Une Page d'amour
She's a bit bored and she's looking out over the Paris skyline which Zola describes beautifully. Similarly in the last chapter of Part Two she's alone but she realises that she's falling in love with Henri. In the last chapter of Part Three she has company but she's alone in her thoughts. Rambaud proposes to her. Zola describes Paris at night. There's a storm outside and Jeanne opens the window. She's unhappy and listless and full of a child's self-pity which Zola describes brilliantly. So what's bad about it? Well, not much, it's just a bit too predictable I suppose. Still, even one of Zola's mediocre books is better than most nineteenth century writer's best efforts.
On to the next one Jul 31, Ilana S.
Recently widowed, shortly after having moved to Paris from Marseilles with her now deceased husband and their child, she now lives in a cozy apartment with her daughter Jeanne and a servant. Jeanne has inherited the nervous illnesses of her great-grandmother, and when the novel begins, has just been suffering from seizures. Deberle, who is her landlord and neighbour and comes to Jeanne's rescue in the first pages of the book. This was my least favourite book in the series so far and honestly a serious disappointment after L'Assomoir , which in all fairness must have been very hard for Zola to follow up indeed.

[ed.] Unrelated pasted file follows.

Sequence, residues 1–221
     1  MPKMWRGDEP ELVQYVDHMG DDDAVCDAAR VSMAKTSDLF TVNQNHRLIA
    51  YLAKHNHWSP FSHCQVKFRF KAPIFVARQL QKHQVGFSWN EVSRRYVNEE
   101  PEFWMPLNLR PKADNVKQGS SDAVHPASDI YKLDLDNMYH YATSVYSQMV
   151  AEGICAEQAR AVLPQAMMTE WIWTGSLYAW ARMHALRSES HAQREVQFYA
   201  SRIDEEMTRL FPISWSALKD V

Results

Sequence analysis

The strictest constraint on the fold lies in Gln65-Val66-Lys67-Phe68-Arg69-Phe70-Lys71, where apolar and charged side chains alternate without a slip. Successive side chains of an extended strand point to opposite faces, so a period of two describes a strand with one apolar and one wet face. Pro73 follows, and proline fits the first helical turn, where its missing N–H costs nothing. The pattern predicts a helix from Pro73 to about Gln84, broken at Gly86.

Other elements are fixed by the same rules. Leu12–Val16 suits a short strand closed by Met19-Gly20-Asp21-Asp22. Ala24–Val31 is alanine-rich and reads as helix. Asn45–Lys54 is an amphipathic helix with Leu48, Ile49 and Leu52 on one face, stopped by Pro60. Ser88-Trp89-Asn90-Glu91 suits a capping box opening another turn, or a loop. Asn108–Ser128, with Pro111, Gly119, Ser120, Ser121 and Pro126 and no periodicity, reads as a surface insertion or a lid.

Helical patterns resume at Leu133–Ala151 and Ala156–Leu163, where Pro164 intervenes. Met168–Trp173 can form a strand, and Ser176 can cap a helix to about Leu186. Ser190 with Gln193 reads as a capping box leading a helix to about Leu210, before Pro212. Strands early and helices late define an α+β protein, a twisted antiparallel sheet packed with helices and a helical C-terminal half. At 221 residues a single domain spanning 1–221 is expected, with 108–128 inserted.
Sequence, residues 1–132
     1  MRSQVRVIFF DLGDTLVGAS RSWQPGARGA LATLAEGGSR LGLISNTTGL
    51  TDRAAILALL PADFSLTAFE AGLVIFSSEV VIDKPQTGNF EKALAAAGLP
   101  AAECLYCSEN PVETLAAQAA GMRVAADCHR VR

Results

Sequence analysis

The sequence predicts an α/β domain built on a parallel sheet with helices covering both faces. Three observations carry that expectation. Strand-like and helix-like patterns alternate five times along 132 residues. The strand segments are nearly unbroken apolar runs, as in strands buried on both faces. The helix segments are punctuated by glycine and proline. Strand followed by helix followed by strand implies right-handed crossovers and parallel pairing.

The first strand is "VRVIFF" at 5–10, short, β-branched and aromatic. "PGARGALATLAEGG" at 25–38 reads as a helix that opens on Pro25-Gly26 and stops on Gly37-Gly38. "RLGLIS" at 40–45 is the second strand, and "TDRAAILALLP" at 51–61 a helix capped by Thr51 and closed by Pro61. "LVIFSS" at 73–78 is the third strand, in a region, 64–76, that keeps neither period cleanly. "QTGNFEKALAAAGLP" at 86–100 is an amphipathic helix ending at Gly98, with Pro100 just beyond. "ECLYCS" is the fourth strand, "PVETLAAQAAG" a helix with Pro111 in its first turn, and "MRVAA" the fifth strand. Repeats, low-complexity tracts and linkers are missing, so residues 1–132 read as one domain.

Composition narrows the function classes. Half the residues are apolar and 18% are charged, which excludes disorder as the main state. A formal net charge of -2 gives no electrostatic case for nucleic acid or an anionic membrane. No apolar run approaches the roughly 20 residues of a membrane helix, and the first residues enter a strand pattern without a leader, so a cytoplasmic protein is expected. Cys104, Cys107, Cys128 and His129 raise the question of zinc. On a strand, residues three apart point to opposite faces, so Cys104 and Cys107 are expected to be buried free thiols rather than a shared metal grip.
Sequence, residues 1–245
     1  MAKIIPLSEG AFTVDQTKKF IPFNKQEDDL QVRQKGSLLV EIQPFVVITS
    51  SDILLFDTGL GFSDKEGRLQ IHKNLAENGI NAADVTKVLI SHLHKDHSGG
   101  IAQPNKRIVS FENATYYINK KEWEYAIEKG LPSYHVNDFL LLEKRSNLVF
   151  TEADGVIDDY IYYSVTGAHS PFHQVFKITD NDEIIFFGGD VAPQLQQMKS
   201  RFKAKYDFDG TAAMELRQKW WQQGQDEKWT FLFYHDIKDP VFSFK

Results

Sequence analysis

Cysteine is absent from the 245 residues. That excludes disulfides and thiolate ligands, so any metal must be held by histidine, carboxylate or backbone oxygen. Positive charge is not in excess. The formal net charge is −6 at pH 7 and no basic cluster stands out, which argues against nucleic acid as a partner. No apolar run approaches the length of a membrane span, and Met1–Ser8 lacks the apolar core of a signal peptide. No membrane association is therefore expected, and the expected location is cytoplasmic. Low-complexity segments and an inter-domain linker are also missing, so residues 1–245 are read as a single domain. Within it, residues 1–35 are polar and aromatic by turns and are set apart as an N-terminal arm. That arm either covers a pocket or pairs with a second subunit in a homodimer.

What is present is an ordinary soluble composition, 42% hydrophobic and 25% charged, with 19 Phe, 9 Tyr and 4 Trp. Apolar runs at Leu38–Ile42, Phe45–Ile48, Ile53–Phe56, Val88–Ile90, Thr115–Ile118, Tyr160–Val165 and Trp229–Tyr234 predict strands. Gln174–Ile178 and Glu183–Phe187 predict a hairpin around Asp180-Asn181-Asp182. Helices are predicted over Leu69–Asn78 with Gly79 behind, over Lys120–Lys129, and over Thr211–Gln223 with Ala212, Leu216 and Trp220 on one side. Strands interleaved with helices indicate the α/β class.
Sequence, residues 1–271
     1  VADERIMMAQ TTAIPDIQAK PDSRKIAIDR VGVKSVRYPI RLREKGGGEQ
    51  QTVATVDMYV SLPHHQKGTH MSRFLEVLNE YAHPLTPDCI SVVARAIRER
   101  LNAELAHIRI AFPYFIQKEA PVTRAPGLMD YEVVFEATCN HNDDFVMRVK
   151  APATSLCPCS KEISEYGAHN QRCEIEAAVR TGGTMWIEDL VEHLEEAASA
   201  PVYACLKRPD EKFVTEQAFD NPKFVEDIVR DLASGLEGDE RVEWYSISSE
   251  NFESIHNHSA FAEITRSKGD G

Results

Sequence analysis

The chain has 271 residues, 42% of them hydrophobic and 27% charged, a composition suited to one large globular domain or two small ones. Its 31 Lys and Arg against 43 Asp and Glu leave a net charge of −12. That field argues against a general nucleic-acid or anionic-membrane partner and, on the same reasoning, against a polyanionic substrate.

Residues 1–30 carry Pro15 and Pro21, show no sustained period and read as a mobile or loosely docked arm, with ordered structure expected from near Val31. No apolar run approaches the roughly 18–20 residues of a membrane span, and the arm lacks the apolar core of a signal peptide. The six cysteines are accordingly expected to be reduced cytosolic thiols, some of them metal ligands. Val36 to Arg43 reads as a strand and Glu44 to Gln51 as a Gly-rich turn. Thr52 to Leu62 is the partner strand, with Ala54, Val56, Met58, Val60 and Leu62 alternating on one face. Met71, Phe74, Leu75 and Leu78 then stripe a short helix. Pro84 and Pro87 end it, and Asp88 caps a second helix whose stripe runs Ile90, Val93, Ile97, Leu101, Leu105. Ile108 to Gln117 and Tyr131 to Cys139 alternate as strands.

Most of the novel takes place in the close confines of the one bedroom apartment, making for an unpleasant claustrophobic feeling which is only relieved by Zola's descriptions of the Paris scenery at each closing chapter in the five-part novel. That being said, "bad" Zola is still Zola , albeit not particularly recommended unless have set for yourself the task of reading the whole series, as I have. Apr 18, Alex rated it liked it Shelves: I read a translation online by C.
Fall in love with the upper bourgeoisie in a Parisian suburb. Helene's spirited AKA "not totally annoying" friend Dr. Juliette Deberle decides to throw a wonderful party for children to come dressed in costume! Ah, check out the fashion I read a translation online by C. Ah, check out the fashionable Japan craze of the s!